Synagogue at Chorazin
likely spot for the Sermon on the Mount
Near to the place of the Sermon on the Mount

If you’ve been reading my posts about the other side of the Israel trip, then you know that yesterday’s shopping trip ended up to be sort of stressful.

However, determined to have all the fun that we could have, I scheduled another shopping trip with another friend to another favorite place of mine: Goodwill. (Love to look at high-end places; buy at less than high-end places.)

Well, this trip did present me with another episode of stress; but the ending was much happier.

My girlies went with me and we were all ready and excited. My plan was that I would have the youngest sit in the child seat of my shopping cart; and my friend (who is so awesome and loves my kids) could push my two-year old in her cart. The older two do really well staying with me and I knew that they would have fun looking through stuff with us.

Hello Goodwill: bye-bye shopping cart idea. Goodwill doesn’t have carts!! At least this one. Just one more reason why I like Salvation Army better.

Anyways, it was cumbersome to carry the baby around and look at the same time, but we were not dismayed.

I ended up with some really great finds which actually felt like really small steps towards some of my goals for my home. I so want to be able to decorate my house and make it beautiful without spending much. This was really the first time that I felt like I found stuff (even looked in the right places) to start accomplishing that.

Here are my finds: Gorgeous brown sheet, bright yellow table cloth, yellow fleece scarf, gray sheet and pillowcase with white stripes, and my very favorite a sunshine mirror! All this for fourteen dollars and change.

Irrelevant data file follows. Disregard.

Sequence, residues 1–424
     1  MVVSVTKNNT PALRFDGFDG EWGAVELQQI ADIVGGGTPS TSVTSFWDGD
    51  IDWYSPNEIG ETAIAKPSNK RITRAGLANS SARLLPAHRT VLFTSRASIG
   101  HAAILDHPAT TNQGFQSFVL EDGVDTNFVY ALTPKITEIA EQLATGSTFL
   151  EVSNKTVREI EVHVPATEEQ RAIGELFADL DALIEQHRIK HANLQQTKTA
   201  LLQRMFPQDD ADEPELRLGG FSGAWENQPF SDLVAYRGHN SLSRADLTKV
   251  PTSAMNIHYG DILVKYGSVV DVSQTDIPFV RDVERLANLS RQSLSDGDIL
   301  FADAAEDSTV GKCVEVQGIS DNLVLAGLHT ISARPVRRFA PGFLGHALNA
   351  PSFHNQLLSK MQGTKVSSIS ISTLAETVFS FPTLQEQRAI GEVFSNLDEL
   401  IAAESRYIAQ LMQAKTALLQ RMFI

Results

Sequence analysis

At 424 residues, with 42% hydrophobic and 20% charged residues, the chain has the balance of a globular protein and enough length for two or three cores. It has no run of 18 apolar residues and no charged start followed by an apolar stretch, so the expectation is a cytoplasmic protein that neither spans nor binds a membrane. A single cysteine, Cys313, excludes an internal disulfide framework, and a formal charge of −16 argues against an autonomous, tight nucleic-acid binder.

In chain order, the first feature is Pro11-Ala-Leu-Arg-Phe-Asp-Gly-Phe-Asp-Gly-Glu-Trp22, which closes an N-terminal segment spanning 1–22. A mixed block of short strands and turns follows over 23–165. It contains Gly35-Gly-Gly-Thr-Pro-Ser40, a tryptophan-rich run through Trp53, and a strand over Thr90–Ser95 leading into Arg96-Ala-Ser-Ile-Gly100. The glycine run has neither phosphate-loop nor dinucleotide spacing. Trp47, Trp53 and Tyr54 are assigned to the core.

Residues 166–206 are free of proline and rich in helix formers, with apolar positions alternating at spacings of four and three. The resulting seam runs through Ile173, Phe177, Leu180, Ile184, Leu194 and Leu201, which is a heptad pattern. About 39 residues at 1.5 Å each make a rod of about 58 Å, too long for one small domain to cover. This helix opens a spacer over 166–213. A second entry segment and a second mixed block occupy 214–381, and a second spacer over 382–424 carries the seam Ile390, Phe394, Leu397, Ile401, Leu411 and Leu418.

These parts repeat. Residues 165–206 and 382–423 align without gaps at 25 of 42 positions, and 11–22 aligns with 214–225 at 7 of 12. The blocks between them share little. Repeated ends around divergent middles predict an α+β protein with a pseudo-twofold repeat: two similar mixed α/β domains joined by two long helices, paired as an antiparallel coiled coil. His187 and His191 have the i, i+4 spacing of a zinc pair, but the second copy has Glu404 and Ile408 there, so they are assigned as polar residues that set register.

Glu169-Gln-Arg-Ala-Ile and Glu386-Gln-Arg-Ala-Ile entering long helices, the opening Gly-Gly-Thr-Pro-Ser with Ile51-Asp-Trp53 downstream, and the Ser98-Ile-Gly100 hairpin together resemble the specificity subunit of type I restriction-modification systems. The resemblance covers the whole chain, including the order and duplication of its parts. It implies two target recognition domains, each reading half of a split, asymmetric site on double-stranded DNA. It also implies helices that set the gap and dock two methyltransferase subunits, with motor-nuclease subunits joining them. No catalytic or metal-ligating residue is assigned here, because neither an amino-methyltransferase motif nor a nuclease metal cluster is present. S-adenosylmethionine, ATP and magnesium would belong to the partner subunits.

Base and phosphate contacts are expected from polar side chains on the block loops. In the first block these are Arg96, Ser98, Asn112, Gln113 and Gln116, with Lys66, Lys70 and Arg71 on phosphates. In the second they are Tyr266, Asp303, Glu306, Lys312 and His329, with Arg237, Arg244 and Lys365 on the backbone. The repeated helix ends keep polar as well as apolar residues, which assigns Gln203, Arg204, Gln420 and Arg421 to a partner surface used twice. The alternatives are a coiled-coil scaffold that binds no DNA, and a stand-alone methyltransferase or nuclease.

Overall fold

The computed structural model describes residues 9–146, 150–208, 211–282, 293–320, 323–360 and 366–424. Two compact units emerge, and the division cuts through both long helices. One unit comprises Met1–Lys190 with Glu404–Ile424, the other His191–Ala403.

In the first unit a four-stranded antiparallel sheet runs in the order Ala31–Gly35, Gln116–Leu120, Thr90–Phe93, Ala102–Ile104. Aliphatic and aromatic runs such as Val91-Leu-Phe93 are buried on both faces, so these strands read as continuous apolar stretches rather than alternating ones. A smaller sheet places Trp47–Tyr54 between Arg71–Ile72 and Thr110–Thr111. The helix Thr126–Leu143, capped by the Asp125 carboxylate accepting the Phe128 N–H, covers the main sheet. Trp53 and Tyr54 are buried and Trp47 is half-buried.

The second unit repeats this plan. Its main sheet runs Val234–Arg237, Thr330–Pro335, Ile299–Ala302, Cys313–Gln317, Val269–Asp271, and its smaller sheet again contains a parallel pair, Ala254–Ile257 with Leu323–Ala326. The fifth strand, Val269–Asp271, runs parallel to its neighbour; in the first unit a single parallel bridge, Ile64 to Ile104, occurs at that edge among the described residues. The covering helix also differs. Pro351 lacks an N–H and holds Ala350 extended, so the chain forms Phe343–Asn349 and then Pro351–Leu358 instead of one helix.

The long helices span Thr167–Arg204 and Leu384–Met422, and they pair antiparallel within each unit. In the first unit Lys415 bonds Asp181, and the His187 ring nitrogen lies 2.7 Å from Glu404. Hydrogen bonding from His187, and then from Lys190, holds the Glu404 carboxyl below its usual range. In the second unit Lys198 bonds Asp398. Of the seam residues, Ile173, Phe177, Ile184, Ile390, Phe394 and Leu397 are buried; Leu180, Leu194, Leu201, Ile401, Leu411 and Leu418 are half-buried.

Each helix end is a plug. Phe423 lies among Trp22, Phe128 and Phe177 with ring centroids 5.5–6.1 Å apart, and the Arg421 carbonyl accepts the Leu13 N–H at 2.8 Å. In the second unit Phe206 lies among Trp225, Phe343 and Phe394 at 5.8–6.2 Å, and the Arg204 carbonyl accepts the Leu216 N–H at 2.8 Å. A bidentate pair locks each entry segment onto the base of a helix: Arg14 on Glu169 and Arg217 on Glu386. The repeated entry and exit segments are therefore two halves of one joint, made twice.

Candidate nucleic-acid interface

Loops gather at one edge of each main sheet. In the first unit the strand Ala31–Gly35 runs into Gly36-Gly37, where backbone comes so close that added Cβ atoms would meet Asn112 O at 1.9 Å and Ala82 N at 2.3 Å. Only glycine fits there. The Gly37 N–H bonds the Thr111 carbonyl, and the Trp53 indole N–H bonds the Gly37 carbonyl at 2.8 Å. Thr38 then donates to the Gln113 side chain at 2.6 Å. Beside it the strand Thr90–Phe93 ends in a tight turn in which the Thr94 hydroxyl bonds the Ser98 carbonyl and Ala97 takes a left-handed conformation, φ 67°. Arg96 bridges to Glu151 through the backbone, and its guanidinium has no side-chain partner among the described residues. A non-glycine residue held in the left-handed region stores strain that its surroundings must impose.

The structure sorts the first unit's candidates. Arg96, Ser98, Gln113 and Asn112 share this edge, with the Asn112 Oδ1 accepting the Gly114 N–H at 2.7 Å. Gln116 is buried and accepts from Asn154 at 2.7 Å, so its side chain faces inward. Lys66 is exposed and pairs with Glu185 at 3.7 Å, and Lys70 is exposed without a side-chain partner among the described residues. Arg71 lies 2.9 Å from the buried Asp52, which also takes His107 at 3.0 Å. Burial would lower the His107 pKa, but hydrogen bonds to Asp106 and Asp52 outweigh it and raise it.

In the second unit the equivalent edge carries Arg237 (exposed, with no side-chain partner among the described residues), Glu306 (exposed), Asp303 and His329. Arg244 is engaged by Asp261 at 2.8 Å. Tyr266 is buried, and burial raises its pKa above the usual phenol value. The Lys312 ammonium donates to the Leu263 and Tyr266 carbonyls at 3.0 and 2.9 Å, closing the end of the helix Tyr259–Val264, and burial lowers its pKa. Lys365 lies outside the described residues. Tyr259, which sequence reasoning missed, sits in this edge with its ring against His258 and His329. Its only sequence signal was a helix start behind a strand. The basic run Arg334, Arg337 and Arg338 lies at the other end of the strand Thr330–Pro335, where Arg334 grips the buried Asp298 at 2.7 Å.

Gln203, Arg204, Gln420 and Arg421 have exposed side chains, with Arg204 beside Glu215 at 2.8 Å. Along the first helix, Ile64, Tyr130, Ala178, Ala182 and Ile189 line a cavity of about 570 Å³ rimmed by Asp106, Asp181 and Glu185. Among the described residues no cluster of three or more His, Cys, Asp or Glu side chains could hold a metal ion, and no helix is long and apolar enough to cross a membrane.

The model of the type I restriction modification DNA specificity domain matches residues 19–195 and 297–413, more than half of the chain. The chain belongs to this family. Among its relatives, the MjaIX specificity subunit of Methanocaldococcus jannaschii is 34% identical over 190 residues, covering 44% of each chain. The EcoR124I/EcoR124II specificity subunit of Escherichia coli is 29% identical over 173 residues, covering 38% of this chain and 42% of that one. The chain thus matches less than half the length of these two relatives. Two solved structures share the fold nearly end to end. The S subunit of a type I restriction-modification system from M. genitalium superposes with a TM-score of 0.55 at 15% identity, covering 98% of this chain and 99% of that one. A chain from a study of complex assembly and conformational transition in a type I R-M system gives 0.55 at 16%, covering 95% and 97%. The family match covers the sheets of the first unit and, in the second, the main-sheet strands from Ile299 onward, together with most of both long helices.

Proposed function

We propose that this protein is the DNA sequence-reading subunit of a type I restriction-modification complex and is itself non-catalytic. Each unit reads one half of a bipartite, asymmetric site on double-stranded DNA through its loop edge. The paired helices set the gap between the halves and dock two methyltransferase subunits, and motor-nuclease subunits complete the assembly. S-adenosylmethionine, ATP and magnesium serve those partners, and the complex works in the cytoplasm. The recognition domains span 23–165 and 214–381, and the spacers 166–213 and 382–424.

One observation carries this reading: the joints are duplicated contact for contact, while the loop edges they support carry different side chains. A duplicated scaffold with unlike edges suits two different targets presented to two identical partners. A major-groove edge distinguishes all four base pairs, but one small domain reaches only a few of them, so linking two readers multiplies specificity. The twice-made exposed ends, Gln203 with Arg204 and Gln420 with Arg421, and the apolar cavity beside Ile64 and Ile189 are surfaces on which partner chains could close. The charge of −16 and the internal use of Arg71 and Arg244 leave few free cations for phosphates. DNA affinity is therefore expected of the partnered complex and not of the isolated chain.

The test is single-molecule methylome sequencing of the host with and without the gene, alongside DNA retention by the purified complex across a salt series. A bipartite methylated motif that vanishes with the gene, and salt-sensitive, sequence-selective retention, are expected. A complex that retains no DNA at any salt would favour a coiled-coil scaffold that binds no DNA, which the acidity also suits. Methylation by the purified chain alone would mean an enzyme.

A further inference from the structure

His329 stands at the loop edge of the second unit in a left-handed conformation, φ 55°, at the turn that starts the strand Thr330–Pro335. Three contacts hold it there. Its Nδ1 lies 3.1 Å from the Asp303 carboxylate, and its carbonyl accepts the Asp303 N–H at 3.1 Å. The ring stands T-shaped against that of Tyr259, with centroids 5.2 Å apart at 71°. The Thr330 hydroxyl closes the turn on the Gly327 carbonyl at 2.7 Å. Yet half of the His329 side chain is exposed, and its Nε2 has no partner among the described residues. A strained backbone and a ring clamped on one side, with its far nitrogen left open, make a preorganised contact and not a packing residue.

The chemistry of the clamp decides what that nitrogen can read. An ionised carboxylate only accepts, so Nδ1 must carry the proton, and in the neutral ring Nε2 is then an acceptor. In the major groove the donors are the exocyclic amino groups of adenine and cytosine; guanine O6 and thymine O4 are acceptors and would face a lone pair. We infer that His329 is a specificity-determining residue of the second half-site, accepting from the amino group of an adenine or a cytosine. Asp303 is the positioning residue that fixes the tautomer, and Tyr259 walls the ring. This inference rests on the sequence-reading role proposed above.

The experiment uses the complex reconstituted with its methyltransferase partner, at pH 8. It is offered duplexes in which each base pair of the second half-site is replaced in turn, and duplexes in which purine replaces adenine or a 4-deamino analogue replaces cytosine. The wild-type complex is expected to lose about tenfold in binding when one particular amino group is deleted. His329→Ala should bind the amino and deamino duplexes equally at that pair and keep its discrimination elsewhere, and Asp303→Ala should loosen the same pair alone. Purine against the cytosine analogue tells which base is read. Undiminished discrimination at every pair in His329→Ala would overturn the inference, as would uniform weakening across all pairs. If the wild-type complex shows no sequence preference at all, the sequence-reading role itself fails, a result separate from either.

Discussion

I’m not even going to begin to tell you what I hope I can do with these, but if I ever get around to it, I’m sure I’ll be proud as a peacock and let everybody know.

When I got home, I got a text from my neighbor saying that she was so heartbroken about what had happened in Connecticut. What happened in Connecticut? I got on my computer and found out.

How trivial my thrift store finds seemed now. How could I have enjoyed such a fun, carefree time with my friend and kids when parents just like me were having their hearts ripped out?

It wasn’t okay that Paul was gone anymore. I needed him, and I needed him now. Somehow I made it through the rest of the evening with the girls. After they went to sleep, I sat on the couch in a news-induced stupor wondering if something like that would ever happen to me.

It was late when my resistance gave in and I finally went to bed.

Thanks for reading my first series: Taking care of four little girls alone (while my husband is on an amazing study trip to Israel). Here are links to the other related posts. 

Series coming soon

It’s official: the Israel trip is on

Official introduction

Day 1: to turn out that last light

Day 2: lonely in a crowd

Day 3: Is something wrong with me?

Day 4: Sometimes you just need…

Day 5: It hit me

Day 6: The problem with “me” time

Day 5: It hit me

Springs at Dan. This is where the Jordan begins.
Springs at Dan. This is where the Jordan begins.
Spring at Dan
Spring at Dan
IMG_1296
So lovely. No wonder the Danites asked to settle in the north.
IMG_1293
Paul took this picture just because he knew I would like it. What a sweet husband.

It’s official. I’m lonely. And I miss Paul really bad.

How hard it must be to lose a loved one. As I sat at the table after the girls were in bed, the house was so quiet. But I could remember him walking here, sitting there, making noise; they were all just shadows of memories though, because he’s not here and won’t be for a while still. How would it feel knowing he would never come back?

Good to know I miss my husband.

Thanks for reading my first series: Taking care of four little girls alone (while my husband is on an amazing study trip to Israel). Here are links to the other related posts. 

Series coming soon

It’s official: the Israel trip is on

Official introduction

Day 1: to turn out that last light

Day 2: lonely in a crowd

Day 3: Is something wrong with me?

Day 4: Sometimes you just need…